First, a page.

Sonic investors may sell their shares to Rovi for $14 each or receive 0.2489 Rovi share for each of Sonic that they hold, according to a statement on Rovi’s website yesterday. Sonic directors and senior management owning about 11.2 percent of the company’s equity have accepted the offer.
The combined company will be in a better position to help customers such as Best Buy Co. or Blockbuster Inc. sell movies and TV shows online and compete with Netflix Inc. and Amazon.com Inc., Sonic Chief Executive Officer David Habiger said. Rovi licenses its TV guides to partners including pay-TV services, while Sonic has deals with Hollywood studies and provides streaming services so people can get movies and shows on demand.
“You’ve got a dramatic shift going on in the way people access content,” Habiger said in an interview. “They are moving from physical discs to streamed digital content.”
The offer of $14 a share is 25 percent more than Sonic’s closing price in Nasdaq Stock Market trading yesterday. The combined company will seek to target higher-value subscribers of digital entertainment content, Rovi said.
Rovi plans to use technology available to its TotalGuide customers to power Sonic’s RoxioNow services, a move that will “result in accelerated uptake of premium content,” according to the statement.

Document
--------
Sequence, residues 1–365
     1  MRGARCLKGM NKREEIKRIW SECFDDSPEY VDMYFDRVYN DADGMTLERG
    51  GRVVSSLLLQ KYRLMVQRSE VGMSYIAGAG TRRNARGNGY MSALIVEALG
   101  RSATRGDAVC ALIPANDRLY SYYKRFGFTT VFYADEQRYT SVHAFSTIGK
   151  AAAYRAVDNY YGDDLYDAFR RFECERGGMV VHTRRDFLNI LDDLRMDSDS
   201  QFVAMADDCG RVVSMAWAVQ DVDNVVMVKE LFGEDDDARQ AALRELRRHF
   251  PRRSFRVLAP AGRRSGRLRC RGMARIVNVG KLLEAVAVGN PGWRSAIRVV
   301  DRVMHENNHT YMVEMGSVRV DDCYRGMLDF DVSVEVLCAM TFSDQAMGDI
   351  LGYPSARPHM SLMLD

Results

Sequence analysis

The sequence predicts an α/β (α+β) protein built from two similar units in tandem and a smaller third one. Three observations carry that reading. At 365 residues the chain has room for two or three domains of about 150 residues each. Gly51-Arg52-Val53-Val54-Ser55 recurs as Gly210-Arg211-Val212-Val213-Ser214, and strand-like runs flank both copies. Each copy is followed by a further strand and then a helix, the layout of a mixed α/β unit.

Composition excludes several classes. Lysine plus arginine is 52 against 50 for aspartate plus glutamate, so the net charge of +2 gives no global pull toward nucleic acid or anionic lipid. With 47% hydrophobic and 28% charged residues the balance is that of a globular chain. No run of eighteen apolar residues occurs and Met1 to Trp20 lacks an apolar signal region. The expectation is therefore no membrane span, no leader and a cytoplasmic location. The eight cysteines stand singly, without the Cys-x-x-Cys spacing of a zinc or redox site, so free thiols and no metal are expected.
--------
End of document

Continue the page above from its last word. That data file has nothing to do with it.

The proposed acquisition of Sonic, based in Novato, California, has an enterprise value of about $720 million, the statement said. Sonic had 48.8 million shares outstanding as of Nov. 8, excluding options, according to a regulatory filing. Rovi plans to pay cash for 55 percent of Sonic and stock for the rest. Sonic had about $55 million in cash as of Sept. 30.
Sonic jumped $3.22, or 29 percent, to $14.42 at 4 p.m. New York time in Nasdaq Stock Market trading. The stock has gained 22 percent this year. Rovi, based in Santa Clara, California, fell $1.10, or 1.9 percent, to $57.26. The stock has risen 80 percent.
JPMorgan Chase & Co. is the financial adviser to Rovi in the proposed transaction, while Sonic was advised by William Blair & Co. and Morrison & Foerster LLP.
The transaction values Sonic at about 40 times the company’s estimated earnings for the next full fiscal year of 35 cents a share, according to the average estimate of six analysts surveyed by Bloomberg. That compares with the 36 times next year’s estimated earnings that Sonic paid for San Diego-based DivX Inc. in October.
Jefferies Group Inc., which advised Sonic on the DivX transaction, said in July that the median company in the multimedia and embedded software industry trades at about 19 times next year’s estimated earnings.
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